The "revolutionary" aspect of the Hobie Mirage Pro Angler is the Mirage drive system itself.  Peddle-power is making inroads in fishing craft, and there are several competing designs from which to choose.  The biggest rival to the Hobie's crown is the peddle-powered propeller of the Native Ultimate.  The Hobie, on the other hand, employs a very clever version of diver's fins.  There are two peddles which are adjustable for reach to accommodate anglers of various body shapes and sizes.  The fins can be recessed into the hull by pushing forward fully on one peddle or the other, but for normal operation you need at least 18" of water under the boat. This might be a problem on many Midwestern shallow creeks, but isn't a problem on the ponds and lakes (and even many saltwater flats) where this boat is intended to spend much of its time.



Peddling the Pro Angler is a surprise.  First, it's not at all like peddling an ordinary bicycle.  It's much more like peddling a recumbent bike and uses more of the butt muscles than the thigh muscles.  You'll ache in surprising areas after peddling this boat the first time, especially if you spend a full day on the water.  My boss asked if he'd already given me my annual review when I returned to the office the day after first peddling the Pro Angler.  I told him I was suffering a pain-in-the-ass of a different variety that day...


Much is made about how fast this boat might travel with peddle power. One on-line review claims that GPS readings confirmed top speeds somewhere north of 4.5mph.  I'm not sure about that, but it's easy to keep a pace akin with any normal conventional paddling rhythm.  One thing is for certain, this might be the perfect craft from which to troll either fly or plug.  A gentle and steady peddle pace moves the boat at a great speed for presenting anything from a deep diving Rapala to a streamer on a sinking fly line. 


Fishing while peddling is what this boat was designed for.  Using the hand-controlled rudder to steer the boat demanded only minimal adjustments, so it was easy to keep the kayak following the contours of the shoreline while simultaneously casting to likely looking structure.  The peddles were a perfect trap for fly line, however, so line management is an important aspect of effectively fishing from this craft. Of course that's also true when fishing from an ordinary sit-on-top kayak or canoe, too.  Consider a stripping basket if you plan on fishing more than 20' of line regularly.



Finally I have to get back to the sheer size and bulk of this boat.  At 139lbs, this isn't something you casually toss on top of your compact car and take to the pond.  Car-topping is something best left to those built like NFL linebackers.  I found it possible to load and unload the boat solo on my Jeep's safari rack, but every time I feared for the integrity of my back. This boat is best purchased by anglers owning a full sized pick-up truck with a tailgate and bed closer to the ground.  An optional trailer is offered, but I can't seem to get past the idea that once you need a trailer you might be better off purchasing a "real" boat.  Either way you're going to loose access to waters that require a long walk into an unimproved gravel or mud launch site. The optional pneumatic wheels will likely improve short-distance portability (they weren't tested for this review), but tossing around this kind of weight isn't something to be approached cavalierly.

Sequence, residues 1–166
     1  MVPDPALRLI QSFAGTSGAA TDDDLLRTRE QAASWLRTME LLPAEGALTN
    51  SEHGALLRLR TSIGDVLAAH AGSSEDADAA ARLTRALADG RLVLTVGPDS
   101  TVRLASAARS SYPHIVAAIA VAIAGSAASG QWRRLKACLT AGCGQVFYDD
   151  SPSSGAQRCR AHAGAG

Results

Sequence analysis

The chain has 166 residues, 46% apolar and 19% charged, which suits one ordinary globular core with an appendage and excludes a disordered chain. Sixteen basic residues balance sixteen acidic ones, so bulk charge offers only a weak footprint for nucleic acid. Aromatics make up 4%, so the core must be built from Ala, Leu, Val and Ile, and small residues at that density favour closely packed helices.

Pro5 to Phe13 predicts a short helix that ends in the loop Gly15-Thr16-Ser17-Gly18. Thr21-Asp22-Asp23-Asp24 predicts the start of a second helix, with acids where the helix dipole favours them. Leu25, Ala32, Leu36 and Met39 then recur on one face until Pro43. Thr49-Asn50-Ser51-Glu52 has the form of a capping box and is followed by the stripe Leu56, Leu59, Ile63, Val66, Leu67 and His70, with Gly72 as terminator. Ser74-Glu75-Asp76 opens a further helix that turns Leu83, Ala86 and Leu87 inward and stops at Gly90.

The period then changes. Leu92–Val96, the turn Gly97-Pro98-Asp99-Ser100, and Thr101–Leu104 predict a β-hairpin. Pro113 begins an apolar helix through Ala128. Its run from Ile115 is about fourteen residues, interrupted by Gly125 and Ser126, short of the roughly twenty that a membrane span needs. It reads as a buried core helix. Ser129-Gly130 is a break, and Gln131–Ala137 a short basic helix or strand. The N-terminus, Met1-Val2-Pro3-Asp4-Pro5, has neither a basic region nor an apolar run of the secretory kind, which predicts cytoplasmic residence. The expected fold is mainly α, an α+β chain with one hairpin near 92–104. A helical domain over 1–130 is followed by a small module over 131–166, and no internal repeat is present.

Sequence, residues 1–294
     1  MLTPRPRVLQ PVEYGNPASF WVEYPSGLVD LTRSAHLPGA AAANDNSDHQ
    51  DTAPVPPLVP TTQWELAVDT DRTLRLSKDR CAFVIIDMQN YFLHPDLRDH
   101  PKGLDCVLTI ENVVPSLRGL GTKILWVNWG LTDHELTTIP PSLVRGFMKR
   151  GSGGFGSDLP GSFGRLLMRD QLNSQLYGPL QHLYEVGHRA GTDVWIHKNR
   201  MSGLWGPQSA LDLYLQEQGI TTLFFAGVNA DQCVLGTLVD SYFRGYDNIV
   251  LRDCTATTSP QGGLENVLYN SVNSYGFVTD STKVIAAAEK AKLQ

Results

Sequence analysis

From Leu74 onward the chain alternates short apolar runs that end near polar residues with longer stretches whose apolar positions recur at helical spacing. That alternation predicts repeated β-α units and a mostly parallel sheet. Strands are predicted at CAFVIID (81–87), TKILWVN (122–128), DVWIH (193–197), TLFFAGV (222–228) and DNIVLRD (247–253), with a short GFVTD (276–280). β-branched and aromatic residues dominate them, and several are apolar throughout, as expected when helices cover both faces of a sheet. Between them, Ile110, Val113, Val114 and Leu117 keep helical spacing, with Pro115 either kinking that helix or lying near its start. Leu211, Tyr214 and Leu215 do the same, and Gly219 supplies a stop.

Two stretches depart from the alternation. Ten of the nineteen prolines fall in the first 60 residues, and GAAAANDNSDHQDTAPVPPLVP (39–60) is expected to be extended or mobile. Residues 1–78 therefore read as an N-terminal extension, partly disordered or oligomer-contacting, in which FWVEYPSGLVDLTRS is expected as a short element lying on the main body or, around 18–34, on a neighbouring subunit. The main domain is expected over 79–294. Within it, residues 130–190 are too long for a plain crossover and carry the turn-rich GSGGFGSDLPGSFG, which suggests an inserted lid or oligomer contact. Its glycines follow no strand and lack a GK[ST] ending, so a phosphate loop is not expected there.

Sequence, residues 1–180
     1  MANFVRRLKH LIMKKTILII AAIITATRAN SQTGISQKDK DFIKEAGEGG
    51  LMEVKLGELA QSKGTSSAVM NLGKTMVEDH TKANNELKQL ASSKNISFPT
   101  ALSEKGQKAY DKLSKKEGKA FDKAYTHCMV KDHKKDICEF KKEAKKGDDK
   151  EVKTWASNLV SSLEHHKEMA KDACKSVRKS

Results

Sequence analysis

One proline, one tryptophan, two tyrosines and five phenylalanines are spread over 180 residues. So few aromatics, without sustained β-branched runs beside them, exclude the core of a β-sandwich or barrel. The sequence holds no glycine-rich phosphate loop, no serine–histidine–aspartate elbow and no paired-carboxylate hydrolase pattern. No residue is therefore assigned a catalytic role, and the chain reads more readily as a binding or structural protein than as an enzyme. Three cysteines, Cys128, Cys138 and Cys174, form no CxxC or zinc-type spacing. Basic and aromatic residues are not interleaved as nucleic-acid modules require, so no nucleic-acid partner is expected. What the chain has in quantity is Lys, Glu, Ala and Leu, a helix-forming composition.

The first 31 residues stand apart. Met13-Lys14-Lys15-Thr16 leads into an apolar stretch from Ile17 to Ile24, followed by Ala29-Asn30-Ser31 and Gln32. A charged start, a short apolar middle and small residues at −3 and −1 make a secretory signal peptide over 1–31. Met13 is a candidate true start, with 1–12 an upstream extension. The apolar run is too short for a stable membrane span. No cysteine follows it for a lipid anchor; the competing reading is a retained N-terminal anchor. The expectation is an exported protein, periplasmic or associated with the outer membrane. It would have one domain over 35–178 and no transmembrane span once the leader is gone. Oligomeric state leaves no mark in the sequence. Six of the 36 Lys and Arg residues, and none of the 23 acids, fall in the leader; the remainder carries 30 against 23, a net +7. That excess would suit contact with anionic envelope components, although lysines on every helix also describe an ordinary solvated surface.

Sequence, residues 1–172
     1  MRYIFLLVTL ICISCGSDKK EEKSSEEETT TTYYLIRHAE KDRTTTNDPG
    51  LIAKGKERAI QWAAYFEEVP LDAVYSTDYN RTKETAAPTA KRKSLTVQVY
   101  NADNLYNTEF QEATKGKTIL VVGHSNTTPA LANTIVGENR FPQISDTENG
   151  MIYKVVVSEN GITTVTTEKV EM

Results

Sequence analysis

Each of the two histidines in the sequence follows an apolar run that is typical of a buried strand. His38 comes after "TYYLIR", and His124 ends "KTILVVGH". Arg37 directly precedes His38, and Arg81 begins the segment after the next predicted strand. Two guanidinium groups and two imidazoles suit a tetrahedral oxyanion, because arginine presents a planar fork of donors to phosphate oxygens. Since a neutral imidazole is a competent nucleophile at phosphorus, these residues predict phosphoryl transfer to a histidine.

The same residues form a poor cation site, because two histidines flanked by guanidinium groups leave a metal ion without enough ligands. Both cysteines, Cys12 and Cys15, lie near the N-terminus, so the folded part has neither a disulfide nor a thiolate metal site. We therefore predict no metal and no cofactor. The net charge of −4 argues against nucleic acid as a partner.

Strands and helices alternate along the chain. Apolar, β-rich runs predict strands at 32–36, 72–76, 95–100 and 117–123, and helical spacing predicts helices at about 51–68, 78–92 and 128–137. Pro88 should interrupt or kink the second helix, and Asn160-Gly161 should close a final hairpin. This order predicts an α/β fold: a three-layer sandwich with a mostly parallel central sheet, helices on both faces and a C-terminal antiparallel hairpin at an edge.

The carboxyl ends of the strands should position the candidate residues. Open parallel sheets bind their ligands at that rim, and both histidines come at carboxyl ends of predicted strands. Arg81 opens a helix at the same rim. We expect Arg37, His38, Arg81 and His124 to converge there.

In summary, Hobie is to be congratulated for truly stretching the boundaries of what is meant by "kayak".  This is a personal water craft of the highest order, and one that will serve many anglers with performance beyond reproach.  I loved fishing from this boat, but hated trying to transport and store it when not on the water.  Space has its costs.  Examine how and where you fish, and if the strengths of this boat match the demands of your home waters, don't hesitate.  The first time you fish from this Cadillac-of-kayaks you'll understand the meaning of luxury vehicle.


More information about the Hobie Mirage Pro Angler and a list of authorized dealers is available on-line. Or you can just head down to the Elkhorn in Kentucky, visit our friends at CanoeKY, bring your spinning and fly rods and paddle it to your heart's content.  You might just end up tossing it on the roof of your car for the ride home!